Greek was widely spoken for inter-ethnic communication all over the Eastern Mediterranean (which is why the New Testament was written in it). Most educated Romans also spoke it. However, the territories that were inhabited by native speakers of Greek were relatively small, consisting mostly of Greece, eastern Turkey, and Cyprus, and as the language lost its influence, especially as Islam spread in much of its former range, native speakers were soon the only speakers.

Latin also evolved. In the home territory of Rome itself, it evolved into the many dialects of Italy. In effect, then, Latin didn't really die. The descendants of the ancient Romans just kept speaking a little bit differently every generation, but until the 13th century, they kept writing in Latin. It was in the 13th century that Dante Aligheri wrote his Divine Comedy and became the first Italian author to write a major literary work in the language that people of his time actually spoke.

Similar evolution occurred in the old Roman territories. The people there were mostly not native speakers, but non-Roman ethnic groups who had assimilated to Roman culture. For example, the "mooshed together" sound system of French is attributed to the fact that most of the people who adopted Latin there were Celtic or Germanic. Spanish and Portuguese were influenced by Arabic, and Romanian by the Slavic languages. But they were all continuous descendants of Latin, with one generation following on another and no break, just gradual changes that kept accruing, until one day, people noticed that they had to learn Latin out of a book.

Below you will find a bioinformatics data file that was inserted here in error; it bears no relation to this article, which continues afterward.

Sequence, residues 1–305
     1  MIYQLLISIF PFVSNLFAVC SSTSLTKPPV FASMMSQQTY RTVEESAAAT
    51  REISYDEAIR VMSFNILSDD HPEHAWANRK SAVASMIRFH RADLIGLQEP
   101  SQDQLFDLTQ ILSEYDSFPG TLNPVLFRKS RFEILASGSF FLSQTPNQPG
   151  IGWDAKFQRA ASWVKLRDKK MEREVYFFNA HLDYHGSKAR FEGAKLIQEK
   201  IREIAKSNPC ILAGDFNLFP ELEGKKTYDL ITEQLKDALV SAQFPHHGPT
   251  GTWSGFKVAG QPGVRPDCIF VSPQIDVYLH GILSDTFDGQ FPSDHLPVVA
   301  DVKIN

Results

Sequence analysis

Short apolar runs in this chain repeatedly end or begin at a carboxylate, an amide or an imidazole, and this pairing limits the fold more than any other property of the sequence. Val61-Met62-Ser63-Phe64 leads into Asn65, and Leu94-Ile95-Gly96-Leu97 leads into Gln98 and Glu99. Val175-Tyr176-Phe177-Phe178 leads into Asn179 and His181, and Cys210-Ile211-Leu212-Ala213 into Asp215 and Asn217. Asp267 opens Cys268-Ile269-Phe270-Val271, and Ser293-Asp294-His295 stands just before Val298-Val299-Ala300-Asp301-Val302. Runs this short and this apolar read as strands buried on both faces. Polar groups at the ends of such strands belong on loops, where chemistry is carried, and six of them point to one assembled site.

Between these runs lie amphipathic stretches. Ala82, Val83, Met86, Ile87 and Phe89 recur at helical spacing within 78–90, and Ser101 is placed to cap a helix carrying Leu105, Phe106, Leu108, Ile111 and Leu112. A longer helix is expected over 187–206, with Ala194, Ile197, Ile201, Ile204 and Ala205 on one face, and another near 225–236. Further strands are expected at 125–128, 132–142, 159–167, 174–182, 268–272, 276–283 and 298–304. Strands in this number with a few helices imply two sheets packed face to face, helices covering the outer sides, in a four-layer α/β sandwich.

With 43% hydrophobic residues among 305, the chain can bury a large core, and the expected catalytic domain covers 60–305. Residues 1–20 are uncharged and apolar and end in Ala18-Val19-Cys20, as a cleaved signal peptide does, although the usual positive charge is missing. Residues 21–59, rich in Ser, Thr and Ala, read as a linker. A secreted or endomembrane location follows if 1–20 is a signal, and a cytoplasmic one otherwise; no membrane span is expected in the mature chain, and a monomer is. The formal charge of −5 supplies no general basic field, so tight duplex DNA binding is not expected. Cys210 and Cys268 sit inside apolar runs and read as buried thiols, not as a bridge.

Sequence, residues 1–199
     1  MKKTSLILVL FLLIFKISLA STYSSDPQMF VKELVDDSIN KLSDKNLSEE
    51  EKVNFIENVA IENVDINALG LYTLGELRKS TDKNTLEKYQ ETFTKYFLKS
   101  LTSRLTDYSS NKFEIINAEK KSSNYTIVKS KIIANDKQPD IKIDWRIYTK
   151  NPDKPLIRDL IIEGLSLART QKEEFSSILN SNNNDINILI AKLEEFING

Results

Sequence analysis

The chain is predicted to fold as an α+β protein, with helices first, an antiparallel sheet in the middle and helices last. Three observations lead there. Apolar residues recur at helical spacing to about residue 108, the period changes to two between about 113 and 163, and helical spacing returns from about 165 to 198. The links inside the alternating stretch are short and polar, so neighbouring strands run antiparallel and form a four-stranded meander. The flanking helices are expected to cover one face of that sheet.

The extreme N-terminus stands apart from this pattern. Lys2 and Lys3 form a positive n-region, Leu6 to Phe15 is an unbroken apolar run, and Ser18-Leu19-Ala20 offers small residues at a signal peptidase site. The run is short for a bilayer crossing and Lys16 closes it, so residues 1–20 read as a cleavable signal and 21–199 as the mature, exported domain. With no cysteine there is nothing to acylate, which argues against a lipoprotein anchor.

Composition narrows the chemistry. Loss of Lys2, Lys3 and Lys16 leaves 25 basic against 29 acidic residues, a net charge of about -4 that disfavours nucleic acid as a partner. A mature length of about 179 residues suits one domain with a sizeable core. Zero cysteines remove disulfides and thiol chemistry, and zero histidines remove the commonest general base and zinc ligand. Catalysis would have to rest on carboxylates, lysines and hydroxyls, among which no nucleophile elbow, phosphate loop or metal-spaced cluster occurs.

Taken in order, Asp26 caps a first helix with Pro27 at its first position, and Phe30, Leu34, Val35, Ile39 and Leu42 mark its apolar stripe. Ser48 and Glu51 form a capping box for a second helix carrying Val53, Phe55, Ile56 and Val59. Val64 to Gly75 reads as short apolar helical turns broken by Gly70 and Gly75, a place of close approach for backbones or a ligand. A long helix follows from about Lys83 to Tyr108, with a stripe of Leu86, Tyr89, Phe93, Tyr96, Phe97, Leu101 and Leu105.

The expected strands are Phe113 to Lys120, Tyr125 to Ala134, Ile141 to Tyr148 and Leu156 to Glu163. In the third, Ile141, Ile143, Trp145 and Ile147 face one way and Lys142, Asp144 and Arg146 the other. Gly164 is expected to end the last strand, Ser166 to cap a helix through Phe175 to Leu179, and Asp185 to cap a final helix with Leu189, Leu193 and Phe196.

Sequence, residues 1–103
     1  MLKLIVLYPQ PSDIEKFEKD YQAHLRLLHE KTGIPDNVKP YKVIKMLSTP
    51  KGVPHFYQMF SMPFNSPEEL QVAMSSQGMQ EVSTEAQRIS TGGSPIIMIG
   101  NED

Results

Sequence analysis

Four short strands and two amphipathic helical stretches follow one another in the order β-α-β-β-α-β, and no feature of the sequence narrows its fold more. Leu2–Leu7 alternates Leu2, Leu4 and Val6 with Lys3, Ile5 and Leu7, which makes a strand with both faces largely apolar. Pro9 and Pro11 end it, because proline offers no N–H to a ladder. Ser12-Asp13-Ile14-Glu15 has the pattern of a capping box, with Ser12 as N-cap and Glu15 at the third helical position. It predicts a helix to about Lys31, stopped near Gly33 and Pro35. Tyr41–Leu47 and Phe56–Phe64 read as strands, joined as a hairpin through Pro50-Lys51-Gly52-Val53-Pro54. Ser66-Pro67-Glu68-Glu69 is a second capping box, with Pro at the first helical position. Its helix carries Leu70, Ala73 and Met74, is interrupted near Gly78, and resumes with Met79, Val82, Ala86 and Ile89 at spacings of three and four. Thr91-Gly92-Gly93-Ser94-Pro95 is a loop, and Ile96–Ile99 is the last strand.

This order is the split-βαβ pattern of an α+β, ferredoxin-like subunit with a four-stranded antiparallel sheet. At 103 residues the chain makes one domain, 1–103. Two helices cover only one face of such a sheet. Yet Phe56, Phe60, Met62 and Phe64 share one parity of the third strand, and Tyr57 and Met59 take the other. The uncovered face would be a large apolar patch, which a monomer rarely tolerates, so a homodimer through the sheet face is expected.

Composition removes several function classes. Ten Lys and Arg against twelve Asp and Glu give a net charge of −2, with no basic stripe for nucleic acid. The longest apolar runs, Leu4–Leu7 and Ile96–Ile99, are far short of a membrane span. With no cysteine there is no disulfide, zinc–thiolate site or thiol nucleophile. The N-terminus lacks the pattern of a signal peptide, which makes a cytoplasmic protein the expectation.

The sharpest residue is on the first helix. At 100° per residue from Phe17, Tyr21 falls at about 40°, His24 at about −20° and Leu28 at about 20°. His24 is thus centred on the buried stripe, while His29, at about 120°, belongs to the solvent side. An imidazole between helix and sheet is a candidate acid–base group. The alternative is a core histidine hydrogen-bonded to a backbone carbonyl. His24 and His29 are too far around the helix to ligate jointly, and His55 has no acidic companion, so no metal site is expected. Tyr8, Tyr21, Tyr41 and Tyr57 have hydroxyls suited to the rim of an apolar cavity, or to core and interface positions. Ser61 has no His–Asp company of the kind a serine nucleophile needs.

Hebrew had already evolved into Aramaic by the time of Jesus, and there are still small communities of Aramaic speakers in the Middle East. In that sense, Hebrew was a dead language for everyday use 2,000 years ago. Even so, Jews throughout the world studied Hebrew as a second language for religious purposes during the entire period before the beginnings of the Zionist movement.

In the case of modern Greek, my understanding is that it's written much the same as ancient Greek, especially in the more conservative Katharevousa form, but it's pronounced quite differently.
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Boojatta Donating Member (1000+ posts) Send PM | Profile | Ignore Sat Mar-15-08 08:19 PM
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5. "Hebrew had already evolved into Aramaic by the time of Jesus"
Edited on Sat Mar-15-08 08:58 PM by Boojatta
Do you have any evidence to support the claim that Aramaic evolved from Hebrew? For example, what historical processes would explain how a language that descended from Hebrew could have become the official, commercial and literary language of the Persian Empire? How many people spoke Hebrew and how did they have such a big influence on the Persian Empire?

... Aramaic became increasingly important, finally establishing itself as the principal medium of communication both on an administrative and an international level. It is in this period that the Aramaic dialects melted into an amalgam, producing a new Official Aramaic. While Official Aramaic replaced Ancient Aramaic, it also introduced in it a few modifications. This lasted as the official, commercial and literary language of the Persian Empire (331 B.C.) until the 4th century AD when it was replaced, as lingua franca of the Middle East, by Greek.


Also, the same paper suggests that your "by the time of Jesus" statement would have to be quite an understatement:

The first Aramaic inscriptions are from between the 10th to 7th century B.C.


My source:
http://www.jaas.org/edocs/v14n1/e8.pdf

Is that not a reliable source?